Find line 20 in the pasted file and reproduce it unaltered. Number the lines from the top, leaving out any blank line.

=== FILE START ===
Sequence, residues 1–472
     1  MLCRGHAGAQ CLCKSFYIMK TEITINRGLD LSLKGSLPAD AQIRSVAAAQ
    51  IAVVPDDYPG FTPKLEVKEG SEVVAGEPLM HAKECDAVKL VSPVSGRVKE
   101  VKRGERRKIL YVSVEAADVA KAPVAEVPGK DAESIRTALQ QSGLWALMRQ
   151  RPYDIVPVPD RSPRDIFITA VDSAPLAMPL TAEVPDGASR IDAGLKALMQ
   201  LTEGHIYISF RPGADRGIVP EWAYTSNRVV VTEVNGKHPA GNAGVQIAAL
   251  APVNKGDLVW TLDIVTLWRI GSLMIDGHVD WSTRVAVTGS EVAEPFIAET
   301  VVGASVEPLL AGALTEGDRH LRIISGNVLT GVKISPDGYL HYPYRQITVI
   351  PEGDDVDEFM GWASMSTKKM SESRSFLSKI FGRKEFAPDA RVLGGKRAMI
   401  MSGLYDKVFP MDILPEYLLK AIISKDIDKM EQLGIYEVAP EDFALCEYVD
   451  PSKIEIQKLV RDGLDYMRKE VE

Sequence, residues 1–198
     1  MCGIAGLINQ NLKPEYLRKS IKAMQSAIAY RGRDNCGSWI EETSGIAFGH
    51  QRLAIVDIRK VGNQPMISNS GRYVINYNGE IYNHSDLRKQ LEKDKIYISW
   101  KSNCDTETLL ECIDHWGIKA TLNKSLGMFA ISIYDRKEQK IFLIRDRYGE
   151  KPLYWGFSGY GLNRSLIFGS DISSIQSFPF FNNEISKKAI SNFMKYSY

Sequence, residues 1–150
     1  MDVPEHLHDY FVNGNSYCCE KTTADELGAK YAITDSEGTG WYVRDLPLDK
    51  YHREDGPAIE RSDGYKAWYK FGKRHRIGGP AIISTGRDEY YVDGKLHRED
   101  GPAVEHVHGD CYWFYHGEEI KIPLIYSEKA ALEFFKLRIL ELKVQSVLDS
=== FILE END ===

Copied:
   101  GPAVEHVHGD CYWFYHGEEI KIPLIYSEKA ALEFFKLRIL ELKVQSVLDS